The Sacred Narrative: Behold, the Sanity of the Center-Left
The MSM and strategists assume the public thinks the GOP is right of sane.
January 12, 2012 - 12:00 am
The mainstream media has perpetuated a sacred narrative that we are expected to buy into unconditionally and without exception: Conservatives — and by proxy the GOP presidential candidates — are extremists who must come to the middle to court the coveted moderates if we want any chance of winning in 2012.
The mythology we are made to believe tells us that we as conservatives must tone it down. We ought to take a few steps to the left and move closer to the voice of reason — the Democratic Party and the gods of liberalism. They are, after all, the moderate ones, the levelheaded ones, the centrist ones. One problem with the mythology of the mainstream media: it’s just that, a baseless myth.
Euhemerus, an ancient Greek mythographer, suggested that myths began as distorted historical accounts of real events. Through continually articulating the imaginative re-writing of history, the myth is accepted as truth and the actors in them elevated to the status of gods.
The mainstream media has taken on the role of mythmaker. They repeatedly color events in such a way that paints the liberals as logical and conservatives as extreme. No matter how far left the Democratic Party moves or how outrageous their rhetoric becomes, they will remain the gods of reason and commonsense. And regardless of how rational conservatives are, the Republican Party will be dubbed the god of extremism and bigotry.
But let me challenge the mythmakers of the mainstream media with something they avoid like the plague: the truth.
An article in the Economist last week dubbed the GOP field as “cranky, extreme, backward-looking, detached from the mainstream,” and thereby “unelectable.” This is nothing new — all part of driving forward the myth. But the truth? If the Democrats don’t tone it down and move to the center, they are the ones at risk of losing the White House.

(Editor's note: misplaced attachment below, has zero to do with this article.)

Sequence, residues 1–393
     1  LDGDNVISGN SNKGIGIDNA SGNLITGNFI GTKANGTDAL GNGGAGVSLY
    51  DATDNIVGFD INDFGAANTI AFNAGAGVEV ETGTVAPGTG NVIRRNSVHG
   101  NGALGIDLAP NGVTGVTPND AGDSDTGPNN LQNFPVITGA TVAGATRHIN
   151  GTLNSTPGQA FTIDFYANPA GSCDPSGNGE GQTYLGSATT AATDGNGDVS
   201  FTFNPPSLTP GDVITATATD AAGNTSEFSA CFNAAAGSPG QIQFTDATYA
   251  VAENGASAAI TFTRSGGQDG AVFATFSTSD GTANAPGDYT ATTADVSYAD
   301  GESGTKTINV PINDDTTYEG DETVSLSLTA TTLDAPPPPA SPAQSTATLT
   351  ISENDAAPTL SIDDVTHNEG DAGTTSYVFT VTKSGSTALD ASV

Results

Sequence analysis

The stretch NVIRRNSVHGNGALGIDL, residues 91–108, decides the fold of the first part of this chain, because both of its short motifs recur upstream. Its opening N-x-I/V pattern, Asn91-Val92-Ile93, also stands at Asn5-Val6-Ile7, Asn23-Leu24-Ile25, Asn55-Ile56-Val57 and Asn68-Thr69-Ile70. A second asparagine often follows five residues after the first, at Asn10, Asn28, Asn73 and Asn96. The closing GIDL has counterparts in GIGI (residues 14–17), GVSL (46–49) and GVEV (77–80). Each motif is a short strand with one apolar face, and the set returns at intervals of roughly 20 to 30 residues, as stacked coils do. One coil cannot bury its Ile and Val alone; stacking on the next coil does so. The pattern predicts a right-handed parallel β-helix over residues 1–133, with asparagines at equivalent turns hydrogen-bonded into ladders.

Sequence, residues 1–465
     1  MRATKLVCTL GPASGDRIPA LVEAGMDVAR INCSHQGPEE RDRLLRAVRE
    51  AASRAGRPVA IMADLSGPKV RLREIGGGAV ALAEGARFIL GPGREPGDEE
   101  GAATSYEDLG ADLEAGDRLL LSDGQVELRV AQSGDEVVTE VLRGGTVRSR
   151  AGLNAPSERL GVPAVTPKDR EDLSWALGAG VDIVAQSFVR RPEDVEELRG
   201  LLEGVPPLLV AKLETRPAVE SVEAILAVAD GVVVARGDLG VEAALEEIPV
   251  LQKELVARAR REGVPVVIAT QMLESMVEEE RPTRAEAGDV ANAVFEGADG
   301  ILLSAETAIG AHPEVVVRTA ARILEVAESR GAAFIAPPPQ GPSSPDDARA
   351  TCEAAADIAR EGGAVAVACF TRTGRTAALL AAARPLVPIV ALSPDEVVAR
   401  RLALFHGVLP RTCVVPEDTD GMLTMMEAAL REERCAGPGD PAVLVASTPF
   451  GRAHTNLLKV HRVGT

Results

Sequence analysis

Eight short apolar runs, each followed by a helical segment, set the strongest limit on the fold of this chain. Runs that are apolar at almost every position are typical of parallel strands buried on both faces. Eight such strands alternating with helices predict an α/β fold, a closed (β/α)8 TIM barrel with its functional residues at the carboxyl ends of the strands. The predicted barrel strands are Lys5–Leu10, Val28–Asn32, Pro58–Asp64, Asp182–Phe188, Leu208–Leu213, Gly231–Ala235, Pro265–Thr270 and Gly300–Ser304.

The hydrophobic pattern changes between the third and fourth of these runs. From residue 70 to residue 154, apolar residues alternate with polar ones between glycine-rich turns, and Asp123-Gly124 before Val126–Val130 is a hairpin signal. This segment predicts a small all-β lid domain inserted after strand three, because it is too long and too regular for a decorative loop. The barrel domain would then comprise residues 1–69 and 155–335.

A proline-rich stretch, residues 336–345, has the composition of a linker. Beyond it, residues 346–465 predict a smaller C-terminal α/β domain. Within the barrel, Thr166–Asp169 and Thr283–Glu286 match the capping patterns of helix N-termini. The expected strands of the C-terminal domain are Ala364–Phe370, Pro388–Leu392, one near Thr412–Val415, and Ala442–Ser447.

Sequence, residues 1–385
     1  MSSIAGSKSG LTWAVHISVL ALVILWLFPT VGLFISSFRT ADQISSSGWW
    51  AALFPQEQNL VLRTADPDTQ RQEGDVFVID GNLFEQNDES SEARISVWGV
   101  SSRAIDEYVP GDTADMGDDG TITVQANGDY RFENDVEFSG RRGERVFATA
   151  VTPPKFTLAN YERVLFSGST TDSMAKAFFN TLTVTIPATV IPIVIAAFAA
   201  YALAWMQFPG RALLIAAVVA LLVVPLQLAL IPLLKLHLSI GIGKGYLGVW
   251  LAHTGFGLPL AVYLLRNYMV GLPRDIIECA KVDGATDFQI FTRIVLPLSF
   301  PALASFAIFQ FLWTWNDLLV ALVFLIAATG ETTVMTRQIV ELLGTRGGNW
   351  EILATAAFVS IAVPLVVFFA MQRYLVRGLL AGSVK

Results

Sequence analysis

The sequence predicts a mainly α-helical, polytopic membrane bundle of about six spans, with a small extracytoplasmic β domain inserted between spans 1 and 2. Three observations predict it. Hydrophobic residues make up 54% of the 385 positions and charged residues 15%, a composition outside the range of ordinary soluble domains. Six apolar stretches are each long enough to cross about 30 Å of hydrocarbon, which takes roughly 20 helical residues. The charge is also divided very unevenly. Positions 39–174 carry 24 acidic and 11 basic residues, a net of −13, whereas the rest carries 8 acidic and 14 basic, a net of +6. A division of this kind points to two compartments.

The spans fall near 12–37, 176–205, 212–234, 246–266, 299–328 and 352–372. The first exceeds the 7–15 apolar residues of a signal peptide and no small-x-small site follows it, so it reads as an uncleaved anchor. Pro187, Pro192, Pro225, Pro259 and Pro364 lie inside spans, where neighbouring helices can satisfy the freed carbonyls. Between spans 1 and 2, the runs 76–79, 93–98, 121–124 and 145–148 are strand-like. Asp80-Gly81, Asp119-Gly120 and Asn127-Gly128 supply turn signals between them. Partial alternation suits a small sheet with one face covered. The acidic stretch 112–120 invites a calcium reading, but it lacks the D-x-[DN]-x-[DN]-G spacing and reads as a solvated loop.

Take a look at some of the less-than-moderate statements the Democrats have made over the last few months.
On October 27, Obama said this to students at University of Colorado-Denver:
We can’t wait for Congress to do its job. So where they won’t act, I will. We’re going to look every single day to figure out what we can do without Congress.
And he has done just that with the unconstitutional recess appointments of Richard Cordray to head the Consumer Financial Protection Bureau and three new appointees to the National Labor Relations Board.
I’m pretty sure discounting the Constitution and completely ignoring one branch of government will not fly very well with the beloved moderates.
Better come back to the middle, Obama.
In a rare moment of brilliance last month, Majority Leader Harry Reid said this on job creation:
Millionaire job creators are like unicorns. They’re impossible to find and don’t exist.
Not sure what to label this statement if not “extreme.” Perhaps “false” would be another accurate description. (Paul Roderick Gregory of Forbes does an in-depth analysis of Reid’s fuzzy, imprecise calculations here.)